Jade Westerman, Exhibitions Assistant at Palace Green Library


Bruno Bettelheim explains how fairy tales educate, support and liberate the emotions of children in his book The Uses of Enchantment. I wholly agree. Fairy tales are powerful developmental tools for children and adults alike. They can have a dark side to them, but generally good overcomes evil. They frequently contain moral messages too and are useful tools for promoting oral storytelling. They follow themes and structures still seen in modern writing. For example, The Gruffalo feels like a traditional fairy tale. It has the rule of three just like Goldilocks, The Billy Goats Gruff and countless others.

Percy Jackson and the Lightning Thief follows all the rules of the fairy tale too with its triadic structure and themes of good versus evil. Modern books still follow the structure and themes of the fairy tale because they are of everlastingly appealing. The themes can be dark, but children still adore them as they excite and inspire. If I told my publishers I wanted to write a book about a cannibal witch that lived in the woods using sweets to lure children to her home, then they would probably be surprised I was pitching this for children in their early years. Yet Hansel and Gretel is exactly that.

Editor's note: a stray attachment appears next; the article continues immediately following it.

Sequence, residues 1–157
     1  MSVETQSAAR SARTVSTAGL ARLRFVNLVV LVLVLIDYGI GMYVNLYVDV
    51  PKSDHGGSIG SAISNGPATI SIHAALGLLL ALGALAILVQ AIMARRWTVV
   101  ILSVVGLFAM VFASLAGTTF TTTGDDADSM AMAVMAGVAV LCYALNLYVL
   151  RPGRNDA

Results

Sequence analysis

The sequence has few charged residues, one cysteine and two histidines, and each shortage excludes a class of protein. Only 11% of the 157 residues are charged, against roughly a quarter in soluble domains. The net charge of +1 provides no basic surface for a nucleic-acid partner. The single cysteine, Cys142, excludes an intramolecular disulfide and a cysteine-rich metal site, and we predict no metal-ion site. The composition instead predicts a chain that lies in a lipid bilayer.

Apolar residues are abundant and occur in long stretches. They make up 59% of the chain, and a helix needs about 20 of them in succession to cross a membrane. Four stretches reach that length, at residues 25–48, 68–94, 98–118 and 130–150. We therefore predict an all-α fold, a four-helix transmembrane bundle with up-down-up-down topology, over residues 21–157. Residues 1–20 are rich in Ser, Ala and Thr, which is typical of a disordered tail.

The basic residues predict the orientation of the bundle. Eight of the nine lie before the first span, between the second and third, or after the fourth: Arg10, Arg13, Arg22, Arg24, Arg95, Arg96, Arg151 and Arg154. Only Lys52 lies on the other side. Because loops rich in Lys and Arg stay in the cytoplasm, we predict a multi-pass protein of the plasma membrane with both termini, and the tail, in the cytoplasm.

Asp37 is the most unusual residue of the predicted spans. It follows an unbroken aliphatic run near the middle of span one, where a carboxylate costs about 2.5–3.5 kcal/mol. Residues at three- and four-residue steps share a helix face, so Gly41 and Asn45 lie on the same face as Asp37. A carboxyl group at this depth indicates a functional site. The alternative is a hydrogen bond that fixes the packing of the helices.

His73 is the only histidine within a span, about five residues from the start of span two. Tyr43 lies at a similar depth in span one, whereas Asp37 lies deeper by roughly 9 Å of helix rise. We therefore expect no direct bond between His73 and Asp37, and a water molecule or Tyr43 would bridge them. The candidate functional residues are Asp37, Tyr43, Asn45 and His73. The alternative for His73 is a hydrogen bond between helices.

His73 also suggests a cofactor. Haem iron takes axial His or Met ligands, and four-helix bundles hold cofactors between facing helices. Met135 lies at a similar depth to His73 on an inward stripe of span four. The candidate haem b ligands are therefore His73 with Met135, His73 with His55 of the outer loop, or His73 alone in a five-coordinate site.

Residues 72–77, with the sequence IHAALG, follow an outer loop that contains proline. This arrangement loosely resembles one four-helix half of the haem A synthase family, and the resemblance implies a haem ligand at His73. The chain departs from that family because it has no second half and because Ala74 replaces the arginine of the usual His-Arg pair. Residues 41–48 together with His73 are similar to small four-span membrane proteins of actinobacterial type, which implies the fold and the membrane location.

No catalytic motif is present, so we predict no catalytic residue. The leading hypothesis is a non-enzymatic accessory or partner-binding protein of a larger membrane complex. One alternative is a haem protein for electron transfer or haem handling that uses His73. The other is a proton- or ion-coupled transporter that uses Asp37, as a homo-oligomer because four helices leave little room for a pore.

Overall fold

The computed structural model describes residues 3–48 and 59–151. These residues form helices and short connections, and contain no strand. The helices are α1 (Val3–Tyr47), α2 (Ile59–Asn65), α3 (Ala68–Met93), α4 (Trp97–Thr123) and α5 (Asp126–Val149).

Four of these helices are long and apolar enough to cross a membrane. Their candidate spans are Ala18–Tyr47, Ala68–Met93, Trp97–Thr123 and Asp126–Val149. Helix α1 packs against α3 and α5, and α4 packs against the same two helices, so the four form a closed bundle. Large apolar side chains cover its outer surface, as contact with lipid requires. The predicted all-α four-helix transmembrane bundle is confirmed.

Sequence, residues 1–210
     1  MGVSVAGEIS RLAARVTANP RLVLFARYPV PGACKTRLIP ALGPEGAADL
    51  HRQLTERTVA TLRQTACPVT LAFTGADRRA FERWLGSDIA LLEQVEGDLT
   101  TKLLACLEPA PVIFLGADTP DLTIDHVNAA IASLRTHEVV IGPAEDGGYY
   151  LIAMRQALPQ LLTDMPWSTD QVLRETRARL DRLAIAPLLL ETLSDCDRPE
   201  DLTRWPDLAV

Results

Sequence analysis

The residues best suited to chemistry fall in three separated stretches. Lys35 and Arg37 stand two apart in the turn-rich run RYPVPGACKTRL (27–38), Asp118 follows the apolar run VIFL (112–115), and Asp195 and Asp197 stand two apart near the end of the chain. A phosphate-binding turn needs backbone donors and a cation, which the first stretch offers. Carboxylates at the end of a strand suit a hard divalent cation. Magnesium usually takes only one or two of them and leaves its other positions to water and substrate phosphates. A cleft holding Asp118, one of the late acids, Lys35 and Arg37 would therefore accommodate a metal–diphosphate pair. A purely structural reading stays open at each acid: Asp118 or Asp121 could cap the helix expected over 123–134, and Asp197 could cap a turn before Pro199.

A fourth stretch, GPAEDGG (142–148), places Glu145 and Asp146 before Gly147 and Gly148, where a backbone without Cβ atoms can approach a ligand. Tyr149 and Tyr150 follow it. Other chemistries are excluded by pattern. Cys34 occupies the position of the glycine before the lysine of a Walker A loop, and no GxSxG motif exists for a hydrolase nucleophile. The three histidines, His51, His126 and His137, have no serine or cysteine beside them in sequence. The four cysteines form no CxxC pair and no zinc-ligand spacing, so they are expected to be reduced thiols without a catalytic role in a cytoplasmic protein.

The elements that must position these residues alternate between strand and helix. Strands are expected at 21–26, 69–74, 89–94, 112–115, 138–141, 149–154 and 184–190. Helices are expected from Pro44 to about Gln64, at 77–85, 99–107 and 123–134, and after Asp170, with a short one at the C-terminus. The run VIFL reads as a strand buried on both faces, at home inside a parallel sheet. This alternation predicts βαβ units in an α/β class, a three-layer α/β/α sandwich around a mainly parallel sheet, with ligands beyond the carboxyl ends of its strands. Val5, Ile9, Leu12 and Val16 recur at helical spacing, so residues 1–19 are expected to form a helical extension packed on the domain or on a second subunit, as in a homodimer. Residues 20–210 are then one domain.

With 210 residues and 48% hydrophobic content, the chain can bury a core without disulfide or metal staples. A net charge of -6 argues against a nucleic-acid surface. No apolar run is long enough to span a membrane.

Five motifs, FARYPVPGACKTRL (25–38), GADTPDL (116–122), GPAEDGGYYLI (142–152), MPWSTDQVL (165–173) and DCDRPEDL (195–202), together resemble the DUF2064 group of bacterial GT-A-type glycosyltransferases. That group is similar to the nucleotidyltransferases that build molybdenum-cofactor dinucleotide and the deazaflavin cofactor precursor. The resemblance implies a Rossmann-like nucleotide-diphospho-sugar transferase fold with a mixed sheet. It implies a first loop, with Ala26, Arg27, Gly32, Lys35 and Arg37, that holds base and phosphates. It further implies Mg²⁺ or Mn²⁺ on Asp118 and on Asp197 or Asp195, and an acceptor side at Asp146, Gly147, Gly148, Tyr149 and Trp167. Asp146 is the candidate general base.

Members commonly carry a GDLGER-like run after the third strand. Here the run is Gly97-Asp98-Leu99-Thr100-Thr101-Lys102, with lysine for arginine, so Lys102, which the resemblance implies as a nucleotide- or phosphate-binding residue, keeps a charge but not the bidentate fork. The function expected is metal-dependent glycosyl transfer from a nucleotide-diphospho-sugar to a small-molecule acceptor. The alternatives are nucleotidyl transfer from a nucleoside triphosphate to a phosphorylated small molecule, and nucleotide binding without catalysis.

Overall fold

Fairy stories are not just for children though. In Angela Carter’s The Bloody Chamber, she describes her stories as ‘reimagining the fairy tale’. We meet familiar characters from childhood in an adult context. We view the stories in a whole new way. It is magnificent to read.

Fairy tales appeal to all ages essentially because human beings are story animals. We thrive on them in all of their forms, whether news articles, stories in the pub or experiences at work that we share at the dinner table. We communicate through story. We express our inner selves in the retelling of the story. Stories hold great power.

However, fairy tales are something that have been manipulated in the past. The Nazis understood the importance of the fairy tale. One of the first things they did upon rising to power in Germany was to make fairy tales into films and broadcast them in movie theatres across the country. In the Nazi film version of Puss in Boots, Puss is seen standing at the end on a raised platform wearing a swastika armband. The crowd gathered around all chant, “Hail Puss in Boots! He is our Savour! We will live again!”. This was a deliberate attempt to compare Puss to Hitler, with a strong suggestion to children that only a hero should be hailed.